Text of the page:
Be travel money savvy

Tom ChapmanThe Kimberley Echo
Shop around for foreign money before you travel.
Camera IconShop around for foreign money before you travel. Credit: Alex Segre/Getty Images

Did you know you’ll pay more when buying foreign cash at the airport than at any other location?

Also, debit or credit cards are usually the cheapest option for buying things overseas.

Australian Competition and Consumer Commission research, to help us with foreign money purchase decisions, found:

Consumers who bought $US200 in foreign cash in February could have saved $40 if they bought from the cheapest supplier at a non-airport location. And the big four banks are consistently more expensive, especially for common currencies, such as British pounds or US dollars.

A customer who used a debit or credit card from one of the big four banks with no international transaction fees could save $13 on a $US200 purchase, compared to using a travel money card. With international transaction fees, it would be a saving of $5.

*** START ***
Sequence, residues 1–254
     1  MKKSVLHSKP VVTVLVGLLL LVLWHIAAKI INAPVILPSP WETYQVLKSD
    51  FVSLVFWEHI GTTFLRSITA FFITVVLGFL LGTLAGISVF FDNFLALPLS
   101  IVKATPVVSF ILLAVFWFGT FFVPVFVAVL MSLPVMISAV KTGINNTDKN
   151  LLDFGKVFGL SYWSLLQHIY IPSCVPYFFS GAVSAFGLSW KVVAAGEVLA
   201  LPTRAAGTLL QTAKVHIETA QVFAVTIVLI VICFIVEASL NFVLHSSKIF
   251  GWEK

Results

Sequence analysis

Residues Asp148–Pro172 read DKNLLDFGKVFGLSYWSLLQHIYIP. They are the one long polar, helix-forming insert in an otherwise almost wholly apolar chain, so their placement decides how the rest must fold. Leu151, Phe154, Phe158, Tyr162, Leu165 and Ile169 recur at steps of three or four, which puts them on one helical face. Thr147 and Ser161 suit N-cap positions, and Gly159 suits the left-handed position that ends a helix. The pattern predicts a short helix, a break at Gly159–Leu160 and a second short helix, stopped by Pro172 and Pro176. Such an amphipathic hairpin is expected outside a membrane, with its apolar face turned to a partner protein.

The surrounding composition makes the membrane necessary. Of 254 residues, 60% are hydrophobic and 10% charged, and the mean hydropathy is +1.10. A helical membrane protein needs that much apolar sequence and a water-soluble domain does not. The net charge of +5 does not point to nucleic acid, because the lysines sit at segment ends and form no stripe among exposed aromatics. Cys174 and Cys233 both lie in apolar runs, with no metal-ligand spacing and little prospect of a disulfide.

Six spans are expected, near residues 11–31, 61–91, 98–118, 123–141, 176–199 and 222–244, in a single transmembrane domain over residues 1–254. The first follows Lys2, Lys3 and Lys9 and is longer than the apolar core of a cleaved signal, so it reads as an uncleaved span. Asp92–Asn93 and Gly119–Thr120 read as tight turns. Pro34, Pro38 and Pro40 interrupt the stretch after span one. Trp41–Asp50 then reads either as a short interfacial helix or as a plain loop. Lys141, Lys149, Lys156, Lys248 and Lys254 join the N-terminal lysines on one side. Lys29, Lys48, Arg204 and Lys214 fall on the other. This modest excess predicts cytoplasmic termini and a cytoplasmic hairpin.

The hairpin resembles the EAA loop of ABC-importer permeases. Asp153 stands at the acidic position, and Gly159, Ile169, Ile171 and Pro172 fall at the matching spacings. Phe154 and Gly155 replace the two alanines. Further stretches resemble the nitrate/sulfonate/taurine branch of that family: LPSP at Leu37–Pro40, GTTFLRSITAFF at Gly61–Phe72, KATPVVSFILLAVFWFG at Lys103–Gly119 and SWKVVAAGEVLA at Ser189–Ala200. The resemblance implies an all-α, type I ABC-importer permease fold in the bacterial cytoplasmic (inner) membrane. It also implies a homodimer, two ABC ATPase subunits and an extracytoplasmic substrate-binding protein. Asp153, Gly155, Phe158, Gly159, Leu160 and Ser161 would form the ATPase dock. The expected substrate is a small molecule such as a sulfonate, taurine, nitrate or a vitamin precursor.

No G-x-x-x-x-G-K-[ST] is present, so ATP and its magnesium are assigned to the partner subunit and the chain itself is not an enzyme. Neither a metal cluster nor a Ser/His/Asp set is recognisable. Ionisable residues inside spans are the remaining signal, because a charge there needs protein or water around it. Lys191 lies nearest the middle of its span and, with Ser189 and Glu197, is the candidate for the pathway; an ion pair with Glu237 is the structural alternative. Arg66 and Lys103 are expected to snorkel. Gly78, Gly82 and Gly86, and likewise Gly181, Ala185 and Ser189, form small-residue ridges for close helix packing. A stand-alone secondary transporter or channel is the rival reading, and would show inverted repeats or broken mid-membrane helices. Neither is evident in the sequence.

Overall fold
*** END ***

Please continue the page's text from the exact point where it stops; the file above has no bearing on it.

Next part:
A holder of a travel money card from one of the big four banks withdrawing the equivalent of $100 in pounds (GBP) from an overseas ATM in May 2019, who had not pre-loaded GBP onto the travel money card, would be charged $8.90.

That’s almost nine per cent of the transaction amount in ATM and currency conversion fees.

Shop around for foreign money before you travel — loyalty to your usual supplier, the big four banks or a last-minute purchase at the airport is going to cost more.

Remember, buying currency online in advance is an option. Compare the total price including the exchange rate and fees.

Think about best payment methods when travelling overseas — what’s accepted, certainty of price or total cost, convenience and what if it’s lost or stolen?

Beware travel money card fees as well as costs incurred for loading Australian dollars but paying in, or drawing out, another currency.

Read more at accc.gov.au.

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